A singular icon
Of all the emotions evoked by spectator sport, there is one that, for me, supersedes all others. Aware as I have been from an early age that my own sporting prowess was negligible, I have often been touched, when gazing at top-flight competitors, by a sensation of awe. There is so much they do with ease that the rest of us can never hope to accomplish even with the most prolonged, dedicated and scientific preparation.
But the great thing here is that this awe does not leave us feeling belittled or inadequate. On the contrary, the wonder and marvel at what one of our fellow human beings can do is life-enhancing: the intricate coordination of mind and matter, strength and speed, the welding together of eyes, feet and hands in the heat of the moment, all driven by a single competitive purpose, yet somehow making a thing of beauty beyond that single purpose. At their best, great sporting geniuses challenge and extend our notion of what is humanly possible. Normally when this happens outside the sporting realm, it is experienced as disturbing or threatening, but somehow, within that redemptively trivial domain, it is irresistibly seductive.
So thank you, Sachin Tendulkar, for giving me as many of those delicious awe-filled moments as any sporting genius of my time. Tendulkar is one of that narrow stratum of elite sports stars whom people will clamour and even make great sacrifices to watch, regardless of their national identity. If you care for cricket, you must love Sachin (and yes, that feeling can be found across Pakistan as well). In this regard, his peers are few - and mostly found in other sports, and certainly in other lands.
Like Tendulkar, Michael Jordan and Tiger Woods dominate their chosen sports both statistically and stylistically, and like Tendulkar they are a source of joy to fans of every stripe. From an early age, all three have been compelled to cultivate their extraordinary gifts in the spotlight of a powerful and ubiquitous mass media, in an industry whose commercial, cultural and political importance has swollen to outrageous dimensions in the last two decades. Of course, Don Bradman or George Best had their difficulties with the press, and sport has never been a stranger to big business. But in recent times, economic and technological changes have transformed the scale and nature of these pressures. The social context in which the likes of Tendulkar, Jordan or Woods have explored their inner potentialities has altered profoundly.
To achieve greatness in sport has always required exceptional powers of concentration. That is truer now than ever. Can we be sure that the geniuses of the past would have been able to sustain their best form in the relentless glare of today's global celebrity culture? Or that they would have succeeded in negotiating the numerous pitfalls accompanying a degree of wealth and renown previously undreamed of?
Today, Tendulkar, Woods and Jordan are all hugely profitable brand-names - and it is not always easy to reconcile the demands of being a walking corporate logo with those of being a fallible, needy, ordinarily inconsistent human being. No doubt, all three have had to pay a high personal price for their exorbitant rewards. In this regard, they serve as apt reflectors of their era - its exaltation of individual success (even in team games), its neurotic fear of personal failure, and its fond embrace of an ethic of single-minded self-improvement. "Just do it" is the message these icons are used to pumping out to the rest of us - the vast majority of whom, I'm afraid, simply cannot do "it".
Compared to the riches reaped by Jordan and Woods, Tendulkar's stash seems modest, though in India, or indeed in global cricket, it represents something of a breakthrough. All three have proved adroit in handling their financial success, cautious and canny in dealing with the powers-that-be, circumspect, dignified but also accessible to the media. Significantly, all three are studiously neutral when it comes to political controversy of any kind. None, however, can escape the tangle of contradictory meanings woven around the deities of modern sport.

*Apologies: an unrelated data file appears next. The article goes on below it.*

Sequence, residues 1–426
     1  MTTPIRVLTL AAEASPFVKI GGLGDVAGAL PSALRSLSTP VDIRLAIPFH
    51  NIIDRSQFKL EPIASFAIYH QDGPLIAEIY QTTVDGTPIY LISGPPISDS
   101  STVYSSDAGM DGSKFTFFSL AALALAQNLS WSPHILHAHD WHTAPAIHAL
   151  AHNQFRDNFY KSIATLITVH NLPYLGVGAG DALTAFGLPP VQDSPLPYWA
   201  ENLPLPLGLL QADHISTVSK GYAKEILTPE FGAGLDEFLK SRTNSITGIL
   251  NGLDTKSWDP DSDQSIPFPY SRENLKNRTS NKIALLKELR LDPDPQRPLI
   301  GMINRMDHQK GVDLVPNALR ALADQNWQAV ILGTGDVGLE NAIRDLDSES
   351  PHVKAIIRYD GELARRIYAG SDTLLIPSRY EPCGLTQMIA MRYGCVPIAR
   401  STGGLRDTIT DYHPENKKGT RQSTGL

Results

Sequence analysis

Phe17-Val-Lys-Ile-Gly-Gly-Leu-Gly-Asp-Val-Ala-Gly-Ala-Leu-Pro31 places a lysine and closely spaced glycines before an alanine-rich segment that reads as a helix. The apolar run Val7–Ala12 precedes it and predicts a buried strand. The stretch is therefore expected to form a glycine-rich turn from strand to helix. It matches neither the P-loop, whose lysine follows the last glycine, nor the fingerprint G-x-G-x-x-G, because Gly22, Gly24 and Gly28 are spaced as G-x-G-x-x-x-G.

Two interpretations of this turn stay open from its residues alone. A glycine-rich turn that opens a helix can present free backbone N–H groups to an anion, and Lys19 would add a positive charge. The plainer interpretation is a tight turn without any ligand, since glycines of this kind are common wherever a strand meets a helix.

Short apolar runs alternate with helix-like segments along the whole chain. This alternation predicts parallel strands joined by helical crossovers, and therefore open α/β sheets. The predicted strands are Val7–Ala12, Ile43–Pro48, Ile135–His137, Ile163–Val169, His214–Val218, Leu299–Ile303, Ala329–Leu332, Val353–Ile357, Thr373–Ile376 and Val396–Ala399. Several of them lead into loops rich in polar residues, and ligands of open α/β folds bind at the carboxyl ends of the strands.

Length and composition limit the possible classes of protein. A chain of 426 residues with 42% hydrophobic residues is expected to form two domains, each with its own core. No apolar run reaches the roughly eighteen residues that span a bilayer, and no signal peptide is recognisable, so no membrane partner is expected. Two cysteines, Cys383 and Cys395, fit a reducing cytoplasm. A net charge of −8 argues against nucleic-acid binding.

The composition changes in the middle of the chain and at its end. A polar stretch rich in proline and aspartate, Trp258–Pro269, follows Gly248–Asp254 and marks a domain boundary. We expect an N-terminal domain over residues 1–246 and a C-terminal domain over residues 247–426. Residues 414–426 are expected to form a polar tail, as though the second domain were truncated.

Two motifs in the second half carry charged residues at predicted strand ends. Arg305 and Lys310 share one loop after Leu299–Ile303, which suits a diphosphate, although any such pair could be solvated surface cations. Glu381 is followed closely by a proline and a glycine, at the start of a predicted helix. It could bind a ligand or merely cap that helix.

As an African-American basketball player, Jordan embodies one of the most familiar of sports stereotypes. But as an African-American multi-millionaire, Jordan is also one of the least representative of celebrities, as far away from his community of origin as it is possible to get. Yet it is precisely because of his anomalous social status that he has become - in the age of neo-liberal triumphalism - a powerfully symbolic figure. Thanks to his association with multinational footwear giant Nike, Jordan is recognised in countries that can barely distinguish basketball from kabaddi as a symbol of individual success in a deregulated, global marketplace.
Woods carries a similar cachet, but with the crucial difference that he does so in a sport in which the great players were previously all white. Busting golf's racial straitjacket has proved a tricky operation. Woods self-consciously defines his ethnicity as a rainbow amalgam of African, Thai, Native American and white. That is undoubtedly an honest self-description from a thoughtful person; but as it happens, it also eases his passage into a particular north American sporting culture where being "black" is decidedly a disadvantage.
African-American sport celebrities have for many generations carried a complex burden of representation - expected to symbolise both the homogenised American mainstream and the distinctive African-American nation-within-a-nation. In earlier eras, individuals as diverse as Joe Louis and Muhammad Ali, Jesse Owens, Jackie Robinson, Wilma Rudolph and Arthur Ashe all found their careers profoundly shaped by American racism and the struggle against it. Thanks not least to their efforts, black sports stars of more recent vintage have reaped hitherto unimaginable rewards for their talents. They have also continued to face the challenges of an enduring racial divide, though in subtler forms than in the past. Jordan and Woods are both global icons, but the connotations of their icons vary both between the USA and the larger world, and within the colour-conscious USA itself.